King Yates

King Yates, who is accused of killing his wife in 2016, will undergo a third competency hearing in October. Yates objected to the evaluation, since he was found competent to stand trial in May.

His appointed attorney, Bobbi Berry, is at right.

A judge has ordered that a Tucson man accused in two killings be involuntarily medicated in an effort to restore him to competency.

King Yates is facing first-degree murder charges in connection with the 2016 shooting death of his wife Cassandra and the 2017 asphyxiation death of Branden Roth, Yates’ cellmate in the Pima County jail.

Yates initially passed a competency exam, but after several months of erratic courtroom behavior — including firing of two attorneys — Pima County Judge Howard Fell ordered a repeated competency exam.

Yates had been seeking to represent himself, but the competency exam found that he was not only incompetent to defend himself, but also incompetent to stand trial. Fell has appointed Tucson attorney Bobbi Berry to serve as Yates’ advisory counsel.

In November, Fell ordered Yates to participate in the Pima County jail’s Restoration to Competency program, which Yates had successfully completed in a past case.

During a hearing last month, it was revealed that Yates agreed to take medication recommended by the doctor that oversees the program, but after taking one dose refused all subsequent administrations.

Dr. David Jendusa testified that he previously worked with Yates in 2015 and saw him successfully restored to competency after taking an oral antipsychotic medication called Seroquel. Jendusa said that at the time, Yates agreed to take the oral medication under the threat of forced injections, but such an option is not available under the current law unless a judge issues an order.

During the January hearing, Berry objected to the involuntary medication of Yates, saying she believed the trauma could be detrimental to his mental health. Jendusa said that if Yates was traumatized as a result of being restrained, it would not be significant and would be short-lived.

Berry renewed her objections in court Monday, saying she didn’t believe it was in Yates’ medical best interest or medically appropriate to administer injections against his will.

“We’re at a different state in Mr. Yates’ life now,” Berry said, adding that his psychotic features are more apparent now than they previously were.

Berry went on to say that the court can’t expect the jail staff to be gentle or empathetic and that the situation would likely turn into a “wrestling match” between Yates and corrections officers.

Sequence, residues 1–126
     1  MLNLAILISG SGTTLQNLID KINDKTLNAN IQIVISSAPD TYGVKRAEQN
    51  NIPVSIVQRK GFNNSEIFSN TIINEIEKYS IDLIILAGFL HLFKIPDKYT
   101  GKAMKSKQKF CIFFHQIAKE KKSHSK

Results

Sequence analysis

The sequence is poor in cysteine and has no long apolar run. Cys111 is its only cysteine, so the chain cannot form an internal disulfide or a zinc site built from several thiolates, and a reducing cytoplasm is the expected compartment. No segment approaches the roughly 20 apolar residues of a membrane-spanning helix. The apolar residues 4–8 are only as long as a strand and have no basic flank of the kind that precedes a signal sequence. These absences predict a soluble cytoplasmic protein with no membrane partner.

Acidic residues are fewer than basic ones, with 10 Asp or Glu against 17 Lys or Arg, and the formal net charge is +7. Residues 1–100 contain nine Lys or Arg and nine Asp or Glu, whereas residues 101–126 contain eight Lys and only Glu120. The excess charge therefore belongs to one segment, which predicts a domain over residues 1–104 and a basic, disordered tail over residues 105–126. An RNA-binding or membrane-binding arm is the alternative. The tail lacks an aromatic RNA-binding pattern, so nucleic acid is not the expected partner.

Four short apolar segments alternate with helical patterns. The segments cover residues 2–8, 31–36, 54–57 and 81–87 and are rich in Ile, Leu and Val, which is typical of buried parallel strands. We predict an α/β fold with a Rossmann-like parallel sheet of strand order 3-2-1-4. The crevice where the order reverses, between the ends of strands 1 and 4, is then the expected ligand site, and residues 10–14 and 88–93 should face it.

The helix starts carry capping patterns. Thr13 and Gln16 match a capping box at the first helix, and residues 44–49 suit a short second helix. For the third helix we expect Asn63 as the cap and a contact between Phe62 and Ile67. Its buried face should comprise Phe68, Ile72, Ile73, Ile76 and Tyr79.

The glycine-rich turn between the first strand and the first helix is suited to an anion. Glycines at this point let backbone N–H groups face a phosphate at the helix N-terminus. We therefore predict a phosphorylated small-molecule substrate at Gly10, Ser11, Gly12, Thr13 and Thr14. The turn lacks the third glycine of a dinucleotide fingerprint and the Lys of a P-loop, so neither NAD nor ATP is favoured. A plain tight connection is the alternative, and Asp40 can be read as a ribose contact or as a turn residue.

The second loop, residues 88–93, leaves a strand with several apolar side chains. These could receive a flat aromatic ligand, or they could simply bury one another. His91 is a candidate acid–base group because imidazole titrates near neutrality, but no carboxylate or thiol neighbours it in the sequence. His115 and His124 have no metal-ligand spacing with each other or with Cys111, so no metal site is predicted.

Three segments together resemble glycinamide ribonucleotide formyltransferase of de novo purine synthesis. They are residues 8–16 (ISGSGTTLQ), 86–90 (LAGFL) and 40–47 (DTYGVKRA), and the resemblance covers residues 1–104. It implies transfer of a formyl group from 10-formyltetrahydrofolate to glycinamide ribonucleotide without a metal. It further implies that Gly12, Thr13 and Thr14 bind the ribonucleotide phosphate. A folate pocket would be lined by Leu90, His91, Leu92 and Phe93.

Fell said that the only way Yates can avoid being prosecuted in connection with the two murders is if he’s found not competent and unable to be restored to competency.

“That’s never going to happen,” Fell said.

Deputy Pima County Attorney Jonathan Mosher said that for years, he’s had to repeatedly tell the victims’ families that the case is delayed and there’s nothing he can do about it.

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Mosher renewed his request for another doctor to examine Yates for symptoms of malingering, a condition in which one exaggerates or fakes symptoms for their own benefit, such as escaping prosecution. Mosher said that while the previous competency exam had addressed some of Yates’ mental health issues, he hadn’t seen any structured, validated measures of malingering being implemented.

“I’ve got a really cloudy picture of this man’s competency or not,” Mosher said. “I’m begging to get someone in to evaluate Mr. Yates who is willing to do the heavy lifting.”

Fell said he’d take both issues into consideration, expressing concern that if he ordered forcible medication, it could trigger an appeal, which would further delay the case. He also said that the Restoration to Competency staff had said they can’t proceed unless or until Yates is medicated.

“There are constraints the law puts on all of us, and I’m obligated to follow the law,” Fell said.

On Wednesday, Fell denied the state’s request for another psychological exam but ordered Yates be subject to involuntary medication.

Fell said in his written ruling that Yates has been diagnosed with schizoaffective, bipolar and anti-personality disorders by two doctors and diagnosed with “significant mental illness” by four additional doctors. To meet the criteria for forcible medication, the state had to satisfy each of the following factors: Important governmental interests are at stake, involuntary medication will significantly further those interests, involuntary medication is necessary to further those interests and administration of the drugs is medically appropriate.

Fell said that based on Jendusa’s testimony, the state has made its case through “clear and convincing evidence” and not only is Yates incompetent to stand trial, but he’s also incompetent to refuse medication and is subject to involuntary treatment.

Yates’ next court appearance is scheduled for March 25.

Contact reporter Caitlin Schmidt at cschmidt@tucson.com or 573-4191. Twitter: @caitlincschmidt

Caitlin is a watchdog reporter covering local government, the University of Arizona and sports investigations. She graduated from the UA's journalism school in 2014 and has won a dozen state awards for investigative and public records-based reporting.